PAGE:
o More omnidirectional dispersion pattern
o More transparent midrange
o Much clearer bass with equal extension (the M-series bass was formidable)
Yet the new design is much easier to own as well:
o Adjusted for inflation, it costs less
o Enclosure has curved walls, improving cabinet inertness
o Smaller tweeter improves speed and dispersion
o Mirage's patented ribbed elliptical surround enables better bass clarity, extension, and dynamics from a smaller driver (5.5")
o M5si was a 51"x14"x8" 85-lb. monolith; OMD-15 is 41"x8"x12" very stylish "lifestyle" column weighing 36 lbs.--Infinitely higher WAF and blends in much better with living space.
o OMD-15 is about 7dB more sensitive: M5si needed 150 highly damped watts bi-wired with $1200 worth of cable or more to come alive. I power the OMD-15 with an 85wpc Onkyo integrated with a damping factor of 25. The OMD-15 has better dynamic range at both ends, more clarity and transparency, cleaner, tighter bass, and more resolution overall.
In the last 10 years we've seen increasing use of neodymium magnets, curved-wall cabinets, drivers made of diamond, titanium, ceramic, and beryllium, more inert cabinet materials such as birch laminate from Europe, etc.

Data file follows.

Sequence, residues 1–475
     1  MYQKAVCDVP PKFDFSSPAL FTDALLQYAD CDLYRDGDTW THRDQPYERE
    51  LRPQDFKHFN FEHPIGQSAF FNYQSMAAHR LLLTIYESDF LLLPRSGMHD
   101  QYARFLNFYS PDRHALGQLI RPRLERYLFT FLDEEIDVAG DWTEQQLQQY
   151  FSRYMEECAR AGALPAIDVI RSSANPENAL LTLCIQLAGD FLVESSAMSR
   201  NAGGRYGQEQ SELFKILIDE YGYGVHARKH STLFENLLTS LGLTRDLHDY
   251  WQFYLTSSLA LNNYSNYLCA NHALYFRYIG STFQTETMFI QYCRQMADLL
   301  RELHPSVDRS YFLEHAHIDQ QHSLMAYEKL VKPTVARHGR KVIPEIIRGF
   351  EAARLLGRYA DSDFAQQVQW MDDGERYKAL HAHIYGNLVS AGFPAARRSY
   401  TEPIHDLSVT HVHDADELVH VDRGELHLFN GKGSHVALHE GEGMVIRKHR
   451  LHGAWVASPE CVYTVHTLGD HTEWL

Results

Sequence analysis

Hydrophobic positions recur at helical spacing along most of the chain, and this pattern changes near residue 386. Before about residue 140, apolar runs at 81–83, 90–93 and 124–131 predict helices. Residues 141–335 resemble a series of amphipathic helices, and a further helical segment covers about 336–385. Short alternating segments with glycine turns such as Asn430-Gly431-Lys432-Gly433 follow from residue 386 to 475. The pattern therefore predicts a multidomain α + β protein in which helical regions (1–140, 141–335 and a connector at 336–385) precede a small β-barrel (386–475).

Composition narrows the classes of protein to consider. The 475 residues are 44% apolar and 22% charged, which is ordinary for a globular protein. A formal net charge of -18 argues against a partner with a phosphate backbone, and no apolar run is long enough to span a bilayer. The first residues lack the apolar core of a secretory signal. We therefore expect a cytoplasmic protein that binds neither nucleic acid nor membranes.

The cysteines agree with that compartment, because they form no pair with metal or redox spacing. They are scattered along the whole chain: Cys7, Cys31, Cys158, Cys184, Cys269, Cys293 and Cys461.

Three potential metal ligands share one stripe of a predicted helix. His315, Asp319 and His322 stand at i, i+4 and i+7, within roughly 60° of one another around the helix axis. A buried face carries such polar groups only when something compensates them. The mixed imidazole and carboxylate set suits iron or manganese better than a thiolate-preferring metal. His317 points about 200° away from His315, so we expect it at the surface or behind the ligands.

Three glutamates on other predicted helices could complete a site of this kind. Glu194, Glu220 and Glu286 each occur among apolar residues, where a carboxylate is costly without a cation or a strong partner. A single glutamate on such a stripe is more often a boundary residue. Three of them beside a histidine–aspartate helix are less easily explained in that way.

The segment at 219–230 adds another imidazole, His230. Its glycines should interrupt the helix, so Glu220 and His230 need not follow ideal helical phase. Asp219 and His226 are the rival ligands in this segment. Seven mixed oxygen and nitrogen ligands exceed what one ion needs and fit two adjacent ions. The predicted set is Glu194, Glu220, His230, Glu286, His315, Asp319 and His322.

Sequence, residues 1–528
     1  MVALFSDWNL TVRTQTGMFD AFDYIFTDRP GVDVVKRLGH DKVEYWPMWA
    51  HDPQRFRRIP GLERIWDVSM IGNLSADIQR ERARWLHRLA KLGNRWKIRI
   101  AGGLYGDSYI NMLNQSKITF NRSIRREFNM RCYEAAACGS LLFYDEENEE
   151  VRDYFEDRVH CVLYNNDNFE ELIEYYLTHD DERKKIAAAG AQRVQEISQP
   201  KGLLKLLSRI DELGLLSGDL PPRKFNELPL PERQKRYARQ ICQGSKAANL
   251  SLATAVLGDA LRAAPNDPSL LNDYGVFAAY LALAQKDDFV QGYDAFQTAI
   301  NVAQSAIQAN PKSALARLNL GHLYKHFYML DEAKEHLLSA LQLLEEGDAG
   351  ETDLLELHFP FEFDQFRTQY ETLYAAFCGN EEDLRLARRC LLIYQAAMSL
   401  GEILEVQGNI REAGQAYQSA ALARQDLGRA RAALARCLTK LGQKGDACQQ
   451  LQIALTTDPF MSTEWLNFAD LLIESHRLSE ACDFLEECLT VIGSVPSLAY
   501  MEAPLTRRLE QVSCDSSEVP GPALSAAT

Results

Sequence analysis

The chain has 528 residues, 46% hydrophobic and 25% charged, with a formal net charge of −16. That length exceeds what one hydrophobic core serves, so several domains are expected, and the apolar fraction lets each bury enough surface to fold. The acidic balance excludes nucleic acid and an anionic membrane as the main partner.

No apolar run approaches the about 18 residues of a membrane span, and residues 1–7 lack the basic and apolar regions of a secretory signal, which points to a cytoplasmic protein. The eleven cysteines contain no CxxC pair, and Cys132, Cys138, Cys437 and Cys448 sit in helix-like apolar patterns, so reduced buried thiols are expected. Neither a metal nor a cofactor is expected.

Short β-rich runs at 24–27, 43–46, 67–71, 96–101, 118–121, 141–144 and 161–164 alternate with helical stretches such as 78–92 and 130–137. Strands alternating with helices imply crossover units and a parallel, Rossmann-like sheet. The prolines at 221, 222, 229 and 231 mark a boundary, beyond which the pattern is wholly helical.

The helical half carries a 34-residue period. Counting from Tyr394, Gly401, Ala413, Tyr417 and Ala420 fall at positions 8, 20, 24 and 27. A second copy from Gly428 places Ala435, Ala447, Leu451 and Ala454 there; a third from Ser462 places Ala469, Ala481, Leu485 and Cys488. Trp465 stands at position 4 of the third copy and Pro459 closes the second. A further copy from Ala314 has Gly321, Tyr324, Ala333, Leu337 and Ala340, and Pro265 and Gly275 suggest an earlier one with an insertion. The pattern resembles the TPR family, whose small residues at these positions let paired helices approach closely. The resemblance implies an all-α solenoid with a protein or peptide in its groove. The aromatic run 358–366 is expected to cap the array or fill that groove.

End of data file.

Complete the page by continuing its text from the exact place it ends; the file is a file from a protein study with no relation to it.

Even Cerwin-Vega has improved to the point that their CLS-215 has received favorable reviews from Absolute Sound and Soundstage.
So in many cases, you can get a speaker today that can do things a speaker in that price bracket from 10 years ago could not.
Concerning the preferences for panels vs. cone speakers:
You could always go for the speaker that has characteristics of both types--the cone speaker-based line array.
Like panels, they are fast and transparent, can have outstanding coherence, and keep the floor and ceiling reflections largely out of the equation. Unlike many panels, they generally present an easier load to the amp, and can play obscenely loud.
And then there's one area where they equal or exceed panels--total lack of WAF, what with the way line arrays' 6- and 7-foot tall columns completely take over a room. You might be able to sneak in the Scaenas IF she likes the bright red and the modern Euro look.
Objections to cones
cabinet colorations: Get rid of the cabinet or build a properly designed, sealed, and damped enclosure.
driver coherence: Put the crossover at the correct frequency for the size of the drivers, and move the crossover in front of the amplification.
metal based tweeters: Use silk domes.
Panels are great, and compared to most box speakers far better. What many fail to understand is that the qualities of panels are achievable with cones. A thoroughly thought out cone speaker is capable of the same qualities as panels, and at the same time, will avoid the pitfalls of large radiating surfaces.
are you suggesting that a "properly" designed cone system can sound like an apogee duetta signature, sound lab, or magnepan 20.1 ?